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Welcome to Shelter Life at the East Bay Society for the Prevention of Cruelty to Animals.

We began as the Oakland SPCA in 1874. Today, the East Bay SPCA includes two animal shelters and three clinics in our community.

This is our day.


Sunday, March 01, 2009

Goodnight, Kobe

One of the first things I learned in my employment here at the EBSPCA was the motto "you can't save them all." As pessimistic as it sounds, its something that we all have to accept to avoid overexerting ourselves emotionally. None of us would last more than a few months if we didn’t accept the fact that there are some things that all the compassion in the world can't accomplish.

Its been a few months since she left us, but sometimes my mind turns to a dog named Kobe. She was a black lab/cattle dog mix, about two years old, who came into our Oakland shelter as a stray. When I first looked at her in her kennel, I wondered if she was sitting at an odd angle, or if she was just unusually flexible, because her back legs looked very small.

I hate to admit it, but I was a little horrified when she got up to greet me, and I saw the reason why she looked so strange... Her back legs were atrophied to about half their proper size, and fused in a crumpled position behind her torso. When she got up, they didn't even touch the ground; she walked entirely on her front feet.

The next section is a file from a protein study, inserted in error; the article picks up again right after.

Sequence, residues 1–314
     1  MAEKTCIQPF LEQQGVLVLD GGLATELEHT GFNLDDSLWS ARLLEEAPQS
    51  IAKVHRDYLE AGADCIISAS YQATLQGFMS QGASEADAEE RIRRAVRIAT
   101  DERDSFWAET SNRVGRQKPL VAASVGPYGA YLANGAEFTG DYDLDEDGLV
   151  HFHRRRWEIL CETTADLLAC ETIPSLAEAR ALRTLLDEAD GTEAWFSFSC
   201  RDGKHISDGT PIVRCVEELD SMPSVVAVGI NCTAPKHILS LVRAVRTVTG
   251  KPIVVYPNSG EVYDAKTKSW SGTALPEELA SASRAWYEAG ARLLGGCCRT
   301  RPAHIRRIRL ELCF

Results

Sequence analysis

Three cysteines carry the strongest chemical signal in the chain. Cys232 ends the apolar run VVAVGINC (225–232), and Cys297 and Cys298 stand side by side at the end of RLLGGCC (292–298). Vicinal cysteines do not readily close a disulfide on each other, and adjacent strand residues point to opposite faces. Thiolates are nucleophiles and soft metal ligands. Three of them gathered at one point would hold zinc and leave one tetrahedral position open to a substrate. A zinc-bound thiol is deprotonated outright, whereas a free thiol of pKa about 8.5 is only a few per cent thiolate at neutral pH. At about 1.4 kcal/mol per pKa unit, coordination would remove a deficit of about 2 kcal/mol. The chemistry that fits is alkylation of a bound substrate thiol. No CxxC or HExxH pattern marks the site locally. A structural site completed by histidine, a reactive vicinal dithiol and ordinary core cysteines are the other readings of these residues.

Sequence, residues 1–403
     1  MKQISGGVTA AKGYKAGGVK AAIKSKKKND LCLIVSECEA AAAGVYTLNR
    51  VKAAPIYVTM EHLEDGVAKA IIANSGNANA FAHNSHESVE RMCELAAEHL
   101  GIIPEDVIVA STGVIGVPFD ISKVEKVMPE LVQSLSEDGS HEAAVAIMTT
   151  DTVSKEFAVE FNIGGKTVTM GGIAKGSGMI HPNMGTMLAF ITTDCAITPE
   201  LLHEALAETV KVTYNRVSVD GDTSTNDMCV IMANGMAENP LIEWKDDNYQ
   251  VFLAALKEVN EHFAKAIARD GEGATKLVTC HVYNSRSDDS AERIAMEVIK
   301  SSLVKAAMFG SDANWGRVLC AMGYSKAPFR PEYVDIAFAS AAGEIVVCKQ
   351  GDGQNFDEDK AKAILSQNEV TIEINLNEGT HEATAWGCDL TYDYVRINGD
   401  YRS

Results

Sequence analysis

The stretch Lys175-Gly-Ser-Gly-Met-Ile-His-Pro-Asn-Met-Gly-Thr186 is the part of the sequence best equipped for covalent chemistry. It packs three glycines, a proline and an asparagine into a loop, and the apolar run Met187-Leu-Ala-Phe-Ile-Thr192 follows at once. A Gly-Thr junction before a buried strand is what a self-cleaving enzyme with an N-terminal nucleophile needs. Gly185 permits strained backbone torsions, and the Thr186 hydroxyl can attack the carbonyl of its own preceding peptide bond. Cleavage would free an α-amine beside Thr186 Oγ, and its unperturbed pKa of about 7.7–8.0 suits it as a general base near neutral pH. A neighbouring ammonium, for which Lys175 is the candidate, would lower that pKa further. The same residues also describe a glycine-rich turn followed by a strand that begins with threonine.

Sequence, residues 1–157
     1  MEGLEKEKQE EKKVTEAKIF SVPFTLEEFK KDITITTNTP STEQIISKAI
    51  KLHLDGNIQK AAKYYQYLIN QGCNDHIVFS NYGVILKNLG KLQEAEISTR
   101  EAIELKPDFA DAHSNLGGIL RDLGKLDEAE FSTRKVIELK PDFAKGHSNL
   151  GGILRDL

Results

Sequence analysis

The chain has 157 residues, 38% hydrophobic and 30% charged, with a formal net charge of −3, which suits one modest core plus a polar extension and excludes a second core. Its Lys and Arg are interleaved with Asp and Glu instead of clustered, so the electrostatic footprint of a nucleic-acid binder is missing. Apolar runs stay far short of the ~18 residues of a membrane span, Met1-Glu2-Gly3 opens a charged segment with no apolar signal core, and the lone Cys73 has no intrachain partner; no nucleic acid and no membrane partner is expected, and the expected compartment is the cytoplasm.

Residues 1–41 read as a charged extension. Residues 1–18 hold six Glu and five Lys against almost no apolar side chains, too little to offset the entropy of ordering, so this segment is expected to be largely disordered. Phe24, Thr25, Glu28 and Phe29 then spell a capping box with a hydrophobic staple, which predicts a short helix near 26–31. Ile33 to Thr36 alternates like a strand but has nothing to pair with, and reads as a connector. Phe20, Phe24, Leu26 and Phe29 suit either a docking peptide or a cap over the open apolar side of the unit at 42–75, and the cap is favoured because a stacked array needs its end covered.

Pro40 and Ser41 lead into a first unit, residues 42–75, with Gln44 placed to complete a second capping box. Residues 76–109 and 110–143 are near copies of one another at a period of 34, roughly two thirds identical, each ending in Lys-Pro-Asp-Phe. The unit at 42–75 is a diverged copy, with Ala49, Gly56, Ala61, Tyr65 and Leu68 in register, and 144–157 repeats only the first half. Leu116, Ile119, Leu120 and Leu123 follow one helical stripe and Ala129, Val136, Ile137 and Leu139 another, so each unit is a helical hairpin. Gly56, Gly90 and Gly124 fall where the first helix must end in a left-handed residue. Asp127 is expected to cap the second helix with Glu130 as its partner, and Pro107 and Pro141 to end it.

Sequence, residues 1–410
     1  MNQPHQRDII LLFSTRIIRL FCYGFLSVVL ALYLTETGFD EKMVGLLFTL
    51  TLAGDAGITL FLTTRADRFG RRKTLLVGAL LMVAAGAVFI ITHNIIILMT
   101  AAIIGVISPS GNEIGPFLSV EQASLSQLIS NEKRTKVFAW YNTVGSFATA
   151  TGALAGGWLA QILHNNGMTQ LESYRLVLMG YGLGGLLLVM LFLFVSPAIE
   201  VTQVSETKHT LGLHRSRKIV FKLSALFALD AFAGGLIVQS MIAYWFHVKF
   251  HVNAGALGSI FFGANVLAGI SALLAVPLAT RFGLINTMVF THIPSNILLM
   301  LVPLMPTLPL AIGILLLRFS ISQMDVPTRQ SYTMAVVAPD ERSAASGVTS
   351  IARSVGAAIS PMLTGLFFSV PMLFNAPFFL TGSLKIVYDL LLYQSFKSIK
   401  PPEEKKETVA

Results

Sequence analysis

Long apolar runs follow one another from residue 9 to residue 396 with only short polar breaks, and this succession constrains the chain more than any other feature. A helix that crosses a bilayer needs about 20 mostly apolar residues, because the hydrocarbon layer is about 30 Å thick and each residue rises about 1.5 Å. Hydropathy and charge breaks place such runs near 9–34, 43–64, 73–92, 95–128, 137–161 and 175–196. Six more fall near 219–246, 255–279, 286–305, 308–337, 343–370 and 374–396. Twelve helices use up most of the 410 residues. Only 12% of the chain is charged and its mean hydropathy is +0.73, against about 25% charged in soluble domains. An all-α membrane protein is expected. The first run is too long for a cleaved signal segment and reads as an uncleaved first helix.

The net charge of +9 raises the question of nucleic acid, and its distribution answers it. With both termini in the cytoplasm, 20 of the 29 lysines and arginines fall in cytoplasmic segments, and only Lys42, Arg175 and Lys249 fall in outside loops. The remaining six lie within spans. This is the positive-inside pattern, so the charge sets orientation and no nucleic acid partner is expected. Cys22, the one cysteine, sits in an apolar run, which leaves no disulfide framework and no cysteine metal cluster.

None of our staff knew what had happened to her, or how she managed to survive on two legs. But it seems like someone must have cared for her at one time, because she was quite loving, if a little scared (even with her disability, she tried to escape several times when she first came in.) The first time I formally met her, I kneeled down next to her and held out my hand so as not to scare her. Her response was to scoot right past my hand and lay her head on my knee with a world-weary sigh. I almost cried.

Because she had such a nice personality, the shelter higher-ups decided to have her looked at by a specialist to determine her prognosis. Undoubtedly she would never walk on four legs again, but many dogs with paralyzed or amputated rear legs function quite well when strapped into specially made wheeled carts.

While the results of these evaluations were pending, Kobe was busy loving shelter life. She seemed to know that people felt sorry for her, because she took every opportunity to snuggle in close to someone and get some love. She seemed to relish being the center of attention.

Unfortunately, Kobe's was not the Cinderella story that shelter workers crave. It turned out that her back had been broken, and because of the way her spine had curved, it was likely that she would suffer from painful bowel and urinary tract issues for the rest of her life. She had already become severely incontinent during her stay with us.

We did have to say goodbye to Kobe, but I know I speak for more than one employee and volunteer when I say that I take comfort in the fact that her last weeks were spent being loved and pampered. She may even have received more love and affection in her short stay with us than she had gotten the entire rest of her all-too-short life. "You can't save them all" may hold true for all of us at the EBSPCA, but in terms of compassion, our reach will always exceed our grasp.